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Region & State

Volunteer Walkers Hope Money for Autism Research Follows

A fundraiser at the Arrowhead Pond in Anaheim draws more than 1,000 seeking to fight the children's disease.

August 30, 2004|Jennifer Mena | Times Staff Writer

More than 1,000 people marched around Anaheim's Arrowhead Pond on Sunday morning to raise awareness and money for autism research, a sign of the rising prevalence of the disease affecting young children.

The 5-kilometer walk was sponsored by Cure Autism Now, a nonprofit organization that will organize walks throughout the country this year for the first time.

"AIDS became popular. Breast cancer became popular, and more money went to research," said Simon Jones, 36, who came with a small troupe of friends and family in support of his son, Dylan, 4, who is autistic. "If this is a popular cause, which it seems to be becoming, more research and money follows that."

Autism is a severe developmental disorder in which children seem isolated from the world. There is a broad spectrum of symptoms, but most with it have trouble speaking, playing with other children and following instructions.

More than 4,500 people attended the second Walk Now Los Angeles at Dodger Stadium in April, raising $700,000. Sunday's walk was the first in Orange County and will be followed by events in cities including Honolulu, Chicago, Philadelphia, San Francisco and Houston. The walks are expected to raise a total of $3 million, said Peter Bell, the organization's chief executive.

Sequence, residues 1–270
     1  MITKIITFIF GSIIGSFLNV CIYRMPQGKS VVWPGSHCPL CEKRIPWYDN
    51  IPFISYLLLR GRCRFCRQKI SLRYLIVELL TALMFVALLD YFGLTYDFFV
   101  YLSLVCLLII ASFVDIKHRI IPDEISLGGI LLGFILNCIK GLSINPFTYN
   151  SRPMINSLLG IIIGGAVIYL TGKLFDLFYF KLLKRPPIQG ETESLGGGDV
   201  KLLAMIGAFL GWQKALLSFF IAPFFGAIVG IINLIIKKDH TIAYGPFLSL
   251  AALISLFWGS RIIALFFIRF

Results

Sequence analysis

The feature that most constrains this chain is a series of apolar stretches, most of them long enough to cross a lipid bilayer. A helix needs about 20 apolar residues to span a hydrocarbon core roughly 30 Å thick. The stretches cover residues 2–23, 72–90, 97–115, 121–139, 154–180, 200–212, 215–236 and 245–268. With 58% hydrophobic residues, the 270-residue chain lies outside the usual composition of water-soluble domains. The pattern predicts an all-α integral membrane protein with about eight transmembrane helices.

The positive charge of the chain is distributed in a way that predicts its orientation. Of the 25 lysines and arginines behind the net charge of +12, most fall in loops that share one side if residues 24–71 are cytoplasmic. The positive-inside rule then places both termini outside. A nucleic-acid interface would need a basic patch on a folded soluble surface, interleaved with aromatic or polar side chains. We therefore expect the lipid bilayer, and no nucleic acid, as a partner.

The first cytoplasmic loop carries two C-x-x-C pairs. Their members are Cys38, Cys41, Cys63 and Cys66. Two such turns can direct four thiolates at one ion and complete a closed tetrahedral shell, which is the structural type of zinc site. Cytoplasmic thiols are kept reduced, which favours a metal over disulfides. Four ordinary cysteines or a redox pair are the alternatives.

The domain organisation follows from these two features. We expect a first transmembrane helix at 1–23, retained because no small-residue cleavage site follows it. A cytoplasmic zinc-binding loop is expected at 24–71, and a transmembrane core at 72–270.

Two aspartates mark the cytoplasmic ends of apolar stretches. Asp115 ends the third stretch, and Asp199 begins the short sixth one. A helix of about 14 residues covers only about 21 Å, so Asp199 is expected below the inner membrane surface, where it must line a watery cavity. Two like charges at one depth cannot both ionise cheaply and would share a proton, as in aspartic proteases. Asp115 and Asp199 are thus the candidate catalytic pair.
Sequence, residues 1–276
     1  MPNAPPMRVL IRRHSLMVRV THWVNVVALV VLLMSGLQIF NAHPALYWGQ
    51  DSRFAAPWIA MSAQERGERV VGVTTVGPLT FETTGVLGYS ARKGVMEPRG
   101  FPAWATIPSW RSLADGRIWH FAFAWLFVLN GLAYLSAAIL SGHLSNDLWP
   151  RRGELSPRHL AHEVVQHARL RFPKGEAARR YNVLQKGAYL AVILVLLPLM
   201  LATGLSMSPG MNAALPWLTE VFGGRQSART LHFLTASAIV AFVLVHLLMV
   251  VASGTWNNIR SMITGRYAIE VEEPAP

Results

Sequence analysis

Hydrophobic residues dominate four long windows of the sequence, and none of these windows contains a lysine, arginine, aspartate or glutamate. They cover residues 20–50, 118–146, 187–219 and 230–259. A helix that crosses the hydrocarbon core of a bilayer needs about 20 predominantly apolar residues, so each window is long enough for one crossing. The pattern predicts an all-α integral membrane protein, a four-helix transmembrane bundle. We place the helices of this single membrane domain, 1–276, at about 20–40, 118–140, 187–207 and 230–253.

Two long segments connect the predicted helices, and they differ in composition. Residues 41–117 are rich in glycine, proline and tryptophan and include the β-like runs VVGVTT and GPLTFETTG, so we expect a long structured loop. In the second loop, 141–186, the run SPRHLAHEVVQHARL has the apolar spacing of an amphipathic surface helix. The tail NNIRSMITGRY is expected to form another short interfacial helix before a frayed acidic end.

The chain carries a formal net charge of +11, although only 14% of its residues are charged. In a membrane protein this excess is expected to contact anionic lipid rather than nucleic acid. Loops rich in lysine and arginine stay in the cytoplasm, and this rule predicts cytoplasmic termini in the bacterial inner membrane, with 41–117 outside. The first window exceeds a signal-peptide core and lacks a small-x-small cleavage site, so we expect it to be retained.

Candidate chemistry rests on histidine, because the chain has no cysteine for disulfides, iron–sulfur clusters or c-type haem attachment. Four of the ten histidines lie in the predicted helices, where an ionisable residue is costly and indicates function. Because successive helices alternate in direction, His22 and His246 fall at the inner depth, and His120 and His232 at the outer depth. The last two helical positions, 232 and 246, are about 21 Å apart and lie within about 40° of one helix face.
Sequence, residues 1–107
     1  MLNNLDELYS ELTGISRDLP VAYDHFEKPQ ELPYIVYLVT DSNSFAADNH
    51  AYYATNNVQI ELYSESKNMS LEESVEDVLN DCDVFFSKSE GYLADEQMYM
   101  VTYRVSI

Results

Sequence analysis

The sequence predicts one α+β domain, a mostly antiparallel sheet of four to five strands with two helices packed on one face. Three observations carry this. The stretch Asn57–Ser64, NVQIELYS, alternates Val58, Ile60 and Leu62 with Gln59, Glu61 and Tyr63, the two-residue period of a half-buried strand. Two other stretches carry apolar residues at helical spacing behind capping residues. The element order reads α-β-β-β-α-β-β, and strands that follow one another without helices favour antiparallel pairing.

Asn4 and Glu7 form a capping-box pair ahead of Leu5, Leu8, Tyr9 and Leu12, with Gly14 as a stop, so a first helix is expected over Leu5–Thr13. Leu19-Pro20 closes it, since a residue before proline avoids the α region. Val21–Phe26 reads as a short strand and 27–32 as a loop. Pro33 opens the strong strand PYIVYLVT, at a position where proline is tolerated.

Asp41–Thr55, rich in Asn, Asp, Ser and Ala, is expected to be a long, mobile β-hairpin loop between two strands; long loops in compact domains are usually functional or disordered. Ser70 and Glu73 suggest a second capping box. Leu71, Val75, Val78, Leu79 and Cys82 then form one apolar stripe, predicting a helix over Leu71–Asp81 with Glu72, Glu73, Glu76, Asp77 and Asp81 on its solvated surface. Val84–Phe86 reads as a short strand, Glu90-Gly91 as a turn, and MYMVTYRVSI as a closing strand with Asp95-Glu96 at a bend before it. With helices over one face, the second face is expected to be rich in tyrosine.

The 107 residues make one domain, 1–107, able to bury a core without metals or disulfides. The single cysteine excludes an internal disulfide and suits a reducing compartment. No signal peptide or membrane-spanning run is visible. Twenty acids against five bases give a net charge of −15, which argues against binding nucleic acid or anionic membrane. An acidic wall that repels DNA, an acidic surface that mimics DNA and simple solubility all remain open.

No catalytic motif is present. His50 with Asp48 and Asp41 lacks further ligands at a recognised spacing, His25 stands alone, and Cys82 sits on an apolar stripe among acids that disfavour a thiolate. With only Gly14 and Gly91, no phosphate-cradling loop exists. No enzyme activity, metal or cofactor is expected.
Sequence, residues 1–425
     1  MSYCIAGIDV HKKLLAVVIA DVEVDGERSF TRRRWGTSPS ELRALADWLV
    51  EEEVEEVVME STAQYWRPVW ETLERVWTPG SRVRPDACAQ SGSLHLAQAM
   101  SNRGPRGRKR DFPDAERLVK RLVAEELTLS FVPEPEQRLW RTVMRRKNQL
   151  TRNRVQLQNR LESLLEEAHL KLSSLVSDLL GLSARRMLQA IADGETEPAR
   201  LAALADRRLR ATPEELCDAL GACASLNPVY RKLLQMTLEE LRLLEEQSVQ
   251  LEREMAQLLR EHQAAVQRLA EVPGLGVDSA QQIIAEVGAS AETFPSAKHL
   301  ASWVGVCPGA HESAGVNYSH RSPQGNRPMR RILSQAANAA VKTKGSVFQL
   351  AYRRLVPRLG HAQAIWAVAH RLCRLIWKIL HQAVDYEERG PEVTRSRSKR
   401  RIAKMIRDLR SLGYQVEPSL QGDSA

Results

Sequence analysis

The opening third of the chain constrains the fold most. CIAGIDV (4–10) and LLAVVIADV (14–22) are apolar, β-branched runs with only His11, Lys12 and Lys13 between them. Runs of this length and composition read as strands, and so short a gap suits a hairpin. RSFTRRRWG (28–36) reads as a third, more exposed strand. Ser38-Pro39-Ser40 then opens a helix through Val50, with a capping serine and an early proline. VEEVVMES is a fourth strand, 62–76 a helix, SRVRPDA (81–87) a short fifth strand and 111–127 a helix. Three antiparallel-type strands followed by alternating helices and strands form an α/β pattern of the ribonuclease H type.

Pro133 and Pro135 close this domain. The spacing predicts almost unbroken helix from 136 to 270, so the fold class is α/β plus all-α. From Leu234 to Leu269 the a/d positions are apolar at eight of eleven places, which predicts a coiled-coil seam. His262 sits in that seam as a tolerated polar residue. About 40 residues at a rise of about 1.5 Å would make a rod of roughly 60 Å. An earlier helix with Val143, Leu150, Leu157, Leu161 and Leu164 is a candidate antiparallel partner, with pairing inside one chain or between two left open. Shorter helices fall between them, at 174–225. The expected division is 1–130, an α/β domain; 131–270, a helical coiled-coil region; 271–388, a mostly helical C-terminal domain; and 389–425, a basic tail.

Bell said that 10 years ago, one in every 2,500 children was diagnosed as autistic but that now it's one in 166.

"We have an epidemic of autism," he said. "It is a national emergency. We need to raise awareness and support parents."

James A. Fleming, superintendent of the Capistrano Unified School District, addressed event participants inside the Pond before they walked around the building three times. Fleming said everyone needs to press the federal government for increased funding to school districts to help students afflicted with autism.

In 1996, 18 students in his 50,000-student district were diagnosed with autism; in 2004, the number was 461, he said.

"We need to find a cure, and we need to find it now, and we need to find help, and we need to do it together."

Tamara Adams, 30, learned six weeks ago that her 3-year-old daughter was autistic and came for support as she walked with a triple stroller. Her twin 18-month-old daughters are being tested because autism often runs in families.

"I thought she was just a quirky kid," Adams said. "It is a heartbreaking experience to be part of this. When you think of having children, you do not think of this."

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